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Writer's Profile
Richard Forbes

Specialised Subjects

Cultural Studies, Film Studies, Human Rights, International Relations, Media, Sociology

I am a Communications and Advertising manager for a top advertising agency. I have a Master’s degree in International Communication and Development from London City University. During my spare time, I am a volunteer, helping the elderly and children’s charities. I also campaign for human rights. Because of the nature of the work I do, I have acquired a lot of excellent skills and attributes. Before taking up my current position I worked within the client service of an independent advertising agency where I headed campaigns, worked as a copy writer and worked with the Communications and Marketing department.

Future Opportunities and Challenges facing the International Television Industry

Essay Topic: Analyse the opportunities and challenges that international TV channels will face in the forthcoming years.

This essay examines examples of international television channels in terms of the challenges and opportunities they are facing now and will face in the future.

International television has grown, and is still growing, as viewers want more choice for their viewing pleasure. It can be said that people are willing to pay extra for international television channels, to get it when they want it, at their convenience.
The term ‘international television’ can be said to be a composite of information, entertainment and even news, which is sponsored by the state, that is focused on the audience but is outside the boundaries of the state sponsorship.

Conan O’Brien in Newsweek, America, made a statement on the future of television and the changes occurring: ’…has bred fear and uncertainty in our industry…’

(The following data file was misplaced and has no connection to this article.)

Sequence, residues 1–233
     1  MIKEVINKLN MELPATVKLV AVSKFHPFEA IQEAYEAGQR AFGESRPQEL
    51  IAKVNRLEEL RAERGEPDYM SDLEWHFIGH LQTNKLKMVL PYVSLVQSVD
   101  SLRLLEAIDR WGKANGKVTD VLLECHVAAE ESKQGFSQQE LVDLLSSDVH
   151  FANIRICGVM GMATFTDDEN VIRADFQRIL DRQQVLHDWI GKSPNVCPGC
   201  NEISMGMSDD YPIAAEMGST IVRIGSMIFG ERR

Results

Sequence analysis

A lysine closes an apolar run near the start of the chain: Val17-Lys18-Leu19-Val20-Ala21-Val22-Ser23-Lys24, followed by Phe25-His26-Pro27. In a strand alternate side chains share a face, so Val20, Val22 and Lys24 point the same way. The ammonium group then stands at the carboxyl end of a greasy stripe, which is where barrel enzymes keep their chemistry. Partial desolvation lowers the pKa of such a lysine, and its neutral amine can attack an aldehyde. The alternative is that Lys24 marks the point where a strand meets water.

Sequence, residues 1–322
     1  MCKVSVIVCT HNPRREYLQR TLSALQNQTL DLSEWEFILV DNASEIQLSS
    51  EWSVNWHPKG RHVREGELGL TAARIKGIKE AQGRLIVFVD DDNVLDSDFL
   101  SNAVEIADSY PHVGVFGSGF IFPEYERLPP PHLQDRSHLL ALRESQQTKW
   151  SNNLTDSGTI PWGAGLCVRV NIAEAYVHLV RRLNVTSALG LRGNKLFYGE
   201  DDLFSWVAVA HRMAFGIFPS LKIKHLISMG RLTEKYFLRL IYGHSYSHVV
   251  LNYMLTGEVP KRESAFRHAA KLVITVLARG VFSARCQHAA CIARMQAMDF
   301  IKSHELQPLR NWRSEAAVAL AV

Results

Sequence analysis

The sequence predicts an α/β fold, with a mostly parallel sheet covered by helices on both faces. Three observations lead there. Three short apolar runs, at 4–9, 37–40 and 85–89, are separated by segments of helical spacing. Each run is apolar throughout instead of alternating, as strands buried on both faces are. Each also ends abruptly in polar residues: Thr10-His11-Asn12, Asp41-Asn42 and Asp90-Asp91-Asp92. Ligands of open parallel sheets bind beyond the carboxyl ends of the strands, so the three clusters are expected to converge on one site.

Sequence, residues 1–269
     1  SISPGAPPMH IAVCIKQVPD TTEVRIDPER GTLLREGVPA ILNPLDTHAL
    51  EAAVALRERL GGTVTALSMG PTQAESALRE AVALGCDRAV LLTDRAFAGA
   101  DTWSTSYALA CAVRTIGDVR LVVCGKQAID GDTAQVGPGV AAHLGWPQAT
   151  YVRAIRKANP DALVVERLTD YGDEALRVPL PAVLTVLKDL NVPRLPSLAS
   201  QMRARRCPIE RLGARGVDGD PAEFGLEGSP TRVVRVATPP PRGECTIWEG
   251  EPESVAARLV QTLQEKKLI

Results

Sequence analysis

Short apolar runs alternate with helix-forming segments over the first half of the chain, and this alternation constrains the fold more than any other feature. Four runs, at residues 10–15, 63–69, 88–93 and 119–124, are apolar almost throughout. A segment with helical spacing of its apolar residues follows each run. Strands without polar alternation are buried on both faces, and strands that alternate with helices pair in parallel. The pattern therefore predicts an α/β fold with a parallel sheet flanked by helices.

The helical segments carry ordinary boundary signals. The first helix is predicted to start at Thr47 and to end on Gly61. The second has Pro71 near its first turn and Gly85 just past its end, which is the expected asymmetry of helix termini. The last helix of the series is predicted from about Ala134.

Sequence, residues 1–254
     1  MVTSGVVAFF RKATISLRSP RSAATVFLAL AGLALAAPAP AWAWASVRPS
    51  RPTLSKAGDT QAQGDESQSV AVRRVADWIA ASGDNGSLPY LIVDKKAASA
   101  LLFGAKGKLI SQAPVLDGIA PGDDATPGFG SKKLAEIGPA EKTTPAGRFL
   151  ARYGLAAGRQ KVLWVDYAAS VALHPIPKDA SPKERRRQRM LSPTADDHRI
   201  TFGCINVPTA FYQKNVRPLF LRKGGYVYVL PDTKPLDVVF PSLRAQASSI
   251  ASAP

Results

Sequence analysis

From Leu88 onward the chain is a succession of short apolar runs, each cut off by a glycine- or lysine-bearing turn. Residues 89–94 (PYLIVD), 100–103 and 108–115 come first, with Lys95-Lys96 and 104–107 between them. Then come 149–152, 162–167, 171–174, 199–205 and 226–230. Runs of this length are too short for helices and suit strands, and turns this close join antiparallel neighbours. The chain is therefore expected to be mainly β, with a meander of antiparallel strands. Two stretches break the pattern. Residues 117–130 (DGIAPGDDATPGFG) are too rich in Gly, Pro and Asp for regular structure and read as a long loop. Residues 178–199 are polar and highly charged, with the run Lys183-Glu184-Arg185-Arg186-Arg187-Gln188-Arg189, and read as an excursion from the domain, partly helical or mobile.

In terms of opportunities which may be faced by international television channels in the future which are already present today,  they try to air programmes that are not already there today as well as cater to the specific needs of the viewer. For instance, BEN television is broadcast via cable and sky. It has an African channel which airs certain programmes and documentaries which may not be available on national television. These relate more to the African population and those with interests in African news, politics, documentaries, drama, music and other programmes. As more and more Africans migrate, the demand for international television channels will more than double in the near future. The success of international television and its future lies in its knowing its audiences and catering for the audiences’ needs.

Another opportunity international television channels will have in forthcoming years will be the ability to take original programmes and tailor them to suit their viewers. This has already started. An example is The Office which was originally a British sketch comedy shown on national television in the UK. This sketch idea was taken and changed slightly so that it could be adapted for an international audience. It was aired by an American TV channel to suit the American viewers’ sense of humour. Other programmes such as Strictly Come Dancing and Pop Idol  have been changed slightly so that, not only can they be aired on American TV channels, but that they also fit in with the American identity.